[2023] Salary Requirements for Skilled Worker and Health and Care Worker Visa

From 12th April 2023, the Home Office updated the minimum salary requirements for those under the Skilled Worker and the Health and Care Worker routes. This may come as a surprise to many as the UK government decided to reduce the salary requirements and skill level when the new Skilled Worker visa category was introduced in December 2020.

The Home Office has a long history of increasing the salary requirements for work visas, so individuals should not be surprised by this change. Below we discuss the increases to the salary requirements.

What Are the Salary Changes?

The Home Office has made changes in the following areas:

     Increasing the minimum salary requirements for Skilled Worker and Health and Care Worker visas

     Increasing the hourly rate that someone has to be paid for Skilled Worker and Health and Care Worker visas

     Reducing the working hours when using the `going rate` as a salary minimum

What Are the Minimum Salary and Hourly Rate Changes?

Previously, the minimum salary was £25,600 per year for all applicants unless they held a PhD in a subject relevant to their role, then the salary minimum was £23,040 per year. New Entrants, those with a PhD in STEM subjects that are relevant to their role, and those in shortage occupations or health and educational roles had to meet a minimum salary of £20,480 per year.

The below table now shows the minimum salaries for individuals that fall into each of the above categories from 12th April 2023:


New minimum salary per year

All applicants except those that fall under one of the exceptions listed below


Those with PhDs relevant to their role


Those with STEM PhDs relevant to their role


Those in shortage occupation roles


New Entrants to the workforce


Those in health and educational roles


This minimum salary increase represents an increase of 2.3%, which may not seem like a massive increase but it is unclear why the Home Office used this figure. The current increase in salaries for those working in the private sector was 7% and 4.8% for those in the public sector between November 2022 and January 2023, according to the Office for National Statistics.

This calls into question, whether the Home Office will be using the 2.3% figure going forward, also as there has not been an increase for over 2 years, will this be an annual increase or is this a one off.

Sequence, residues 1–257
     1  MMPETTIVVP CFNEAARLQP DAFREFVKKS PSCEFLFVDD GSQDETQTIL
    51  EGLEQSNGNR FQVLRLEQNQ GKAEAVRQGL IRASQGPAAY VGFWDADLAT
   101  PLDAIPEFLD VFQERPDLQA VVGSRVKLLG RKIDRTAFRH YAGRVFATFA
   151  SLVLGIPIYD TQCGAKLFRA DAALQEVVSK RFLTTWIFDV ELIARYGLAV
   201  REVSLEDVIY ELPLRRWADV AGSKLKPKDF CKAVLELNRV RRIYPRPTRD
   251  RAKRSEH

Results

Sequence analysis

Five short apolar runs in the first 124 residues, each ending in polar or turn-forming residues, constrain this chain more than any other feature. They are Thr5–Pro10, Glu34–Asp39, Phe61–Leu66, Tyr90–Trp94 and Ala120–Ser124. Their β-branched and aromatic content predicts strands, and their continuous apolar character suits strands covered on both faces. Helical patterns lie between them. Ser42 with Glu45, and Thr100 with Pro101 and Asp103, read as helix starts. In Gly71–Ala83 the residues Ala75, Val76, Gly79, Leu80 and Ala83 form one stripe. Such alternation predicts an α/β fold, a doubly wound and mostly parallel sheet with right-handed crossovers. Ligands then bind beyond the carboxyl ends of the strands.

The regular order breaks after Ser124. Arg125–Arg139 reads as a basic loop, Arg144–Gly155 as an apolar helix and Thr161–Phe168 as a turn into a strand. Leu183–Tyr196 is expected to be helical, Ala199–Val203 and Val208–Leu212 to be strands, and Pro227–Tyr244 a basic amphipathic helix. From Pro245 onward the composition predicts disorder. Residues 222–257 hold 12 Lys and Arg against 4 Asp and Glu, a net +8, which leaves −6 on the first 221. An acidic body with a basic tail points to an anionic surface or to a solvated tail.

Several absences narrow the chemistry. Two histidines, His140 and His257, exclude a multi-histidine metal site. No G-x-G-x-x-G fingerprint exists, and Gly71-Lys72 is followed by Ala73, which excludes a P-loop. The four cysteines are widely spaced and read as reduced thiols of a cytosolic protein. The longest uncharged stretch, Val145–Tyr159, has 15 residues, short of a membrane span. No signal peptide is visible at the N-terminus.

The second change that the Home Office have made is increasing the minimum hourly rate from £10.10 per hour to £10.75 per hour. This applies to all roles except those in the health and education roles, who remain exempt from this requirement.


This represents an increase of 6.4% per hour, and is 3.2% higher than the minimum wage for those aged 23 and over. Unlike the minimum wage, the minimum hourly rate does not differ depending on an applicant’s age.

If an individual submitted their application prior to this date, they do not need to meet the new minimum salary requirements until they extend their visa.

What Are the Changes to Working Hours and How Does That Affect Their Salary?

Prior to 12th April 2023, the `going rate` depended on the Standard Occupational Classification (SOC) code minimum salary, based on 39 hours per week for most SOC codes (with some exceptions applying to some codes).

The Home Office reduced the working hours, from 39 hours per week to 37.5 hours per week. Furthermore, some SOC codes had their minimum salary increased whilst working fewer hours. Post the pandemic, the Office for National Statistics confirms that working hours have fallen from an average of 37.3 hours per week to 36.6 hours per week, which may explain the reason for the Home Office’s decision to decrease the weekly working hours.

This however, could disproportionately affect sectors where individuals work longer hours, such as those in the Health care, retail and leisure sectors. The Trade Unions Congress states that chefs work an average of 39 hours per week and health care practice managers work on average 57 hours per week. The SOC code states the `going rate` as an annual salary for 37.5 hours per week and the hourly rate (for those working longer hours).

Some individuals will need to meet a higher salary threshold. For example, if someone works 39 hours and their SOC code minimum is £23,595 per year for a 37.5 hour week, we will need to work out their salary using the hourly rate and their actual working hours. In this example, the individual’s `going rate` would be £24,538.80 per year, not £23,595.

However, the Home Office has also made some positive changes, by also reducing the `going rate` on some SOC codes. For example, restaurant and catering establishment managers and proprietors have seen their `going rate` salary reduced by 10.5%, however, all individuals need to meet the `going rate`, hourly rate and visa minimum salary.

As with the other changes, if their visa application was submitted prior to the 12th April 2023, they do not need to meet the new going rate, until they extend their visa.

If you have any questions about the new salary requirements, please contact us at WestBridge and we will be happy to assist you with making sense of the new rules.

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